Test of Reading Comprehension - 4 (TORC-4)
Authors: Virginia L. Brown / Donald D. Hammill, EdD / J. Lee Wiederholt, EdD
- Vocabulary, Syntax, Paragraph Reading, Sentence Sequencing
- Individual Administration
- Norm Referenced
- Ages 7 through 17-11
- Qualification Level B
The Test of Reading Commprehension - Fourth Edition (TORC-4) is an innovative approach to testing silent reading comprehension that can be used to identify children and adolescents who score significantly below their peers and who therefore might need help in improving their reading proficiency and comprehension, and to document student progress in remedial programs. The number of subtests in the TORC-4 have been reduced, making the test more streamlined and time-efficient.
- Relational Vocabulary From the Student Question Booklet, the student reads a set of three words that are in some way related to each other. The student is to then silently read another four words and choose two words that are related to the first set of three words.
- Sentence Completion From the Student Question Booklet, the student silently reads a sentence that is missing two words. The student then silently reads a list of word pairs and chooses the word pair that best completes the sentence.
- Paragraph Construction After silently reading a list of sentences that are not in logical order, the student must then rearrange the sentences to form a coherent paragraph.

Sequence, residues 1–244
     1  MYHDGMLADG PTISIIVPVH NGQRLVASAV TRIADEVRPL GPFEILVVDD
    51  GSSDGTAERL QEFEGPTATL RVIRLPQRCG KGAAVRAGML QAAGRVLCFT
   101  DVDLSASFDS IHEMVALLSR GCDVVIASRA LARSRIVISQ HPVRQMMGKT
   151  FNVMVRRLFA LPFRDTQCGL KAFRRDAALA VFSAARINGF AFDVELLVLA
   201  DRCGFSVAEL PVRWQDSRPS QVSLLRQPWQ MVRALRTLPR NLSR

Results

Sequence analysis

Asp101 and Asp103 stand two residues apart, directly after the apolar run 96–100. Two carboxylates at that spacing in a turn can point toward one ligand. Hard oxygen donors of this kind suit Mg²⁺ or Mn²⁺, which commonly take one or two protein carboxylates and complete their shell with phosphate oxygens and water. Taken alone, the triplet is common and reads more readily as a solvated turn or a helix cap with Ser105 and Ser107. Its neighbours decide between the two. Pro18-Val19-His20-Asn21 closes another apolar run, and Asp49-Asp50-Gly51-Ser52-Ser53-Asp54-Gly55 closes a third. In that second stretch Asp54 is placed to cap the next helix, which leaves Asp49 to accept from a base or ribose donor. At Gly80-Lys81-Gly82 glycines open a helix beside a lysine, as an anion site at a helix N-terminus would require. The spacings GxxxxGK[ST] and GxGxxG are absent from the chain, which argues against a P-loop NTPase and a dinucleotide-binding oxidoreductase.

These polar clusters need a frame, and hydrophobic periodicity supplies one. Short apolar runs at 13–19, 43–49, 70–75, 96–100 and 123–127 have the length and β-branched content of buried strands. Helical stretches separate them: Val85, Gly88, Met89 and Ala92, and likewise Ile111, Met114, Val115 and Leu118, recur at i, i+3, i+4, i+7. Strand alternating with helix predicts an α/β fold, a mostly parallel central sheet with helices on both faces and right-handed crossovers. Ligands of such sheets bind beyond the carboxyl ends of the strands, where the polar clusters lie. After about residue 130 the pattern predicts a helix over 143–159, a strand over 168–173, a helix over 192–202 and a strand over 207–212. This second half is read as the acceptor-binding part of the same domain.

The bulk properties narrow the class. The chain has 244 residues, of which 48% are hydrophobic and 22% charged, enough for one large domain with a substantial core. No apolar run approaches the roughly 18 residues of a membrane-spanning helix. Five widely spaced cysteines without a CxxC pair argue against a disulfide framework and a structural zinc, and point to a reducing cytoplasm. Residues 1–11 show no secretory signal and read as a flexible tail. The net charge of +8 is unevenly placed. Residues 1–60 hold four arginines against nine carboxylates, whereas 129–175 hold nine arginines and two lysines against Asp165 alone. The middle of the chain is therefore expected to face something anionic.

- Text Comprehension Students silently read a short passage and then answer five multiple-choice questions relative to the passage.
- Contextual Fluency This subtest measures how many individual words students can recognize, in 3 minutes, in a series of passages taken from the Text Comprehension Subtest. Each passage, printed in uppercase letters without punctuation or spaces between words, becomes progressively more difficult in content, vocabulary, and grammar.
Administration and Scoring
The five subtests (Relational Vocabulary, Sentence Completion, Paragraph Construction, Text Comprehension, Contextual Fluency) are combined to form a composite called the Reading Comprehension Index, a standard score with a mean of 100 and a standard deviation of 15. This index represents students' ability to understand contextual printed material.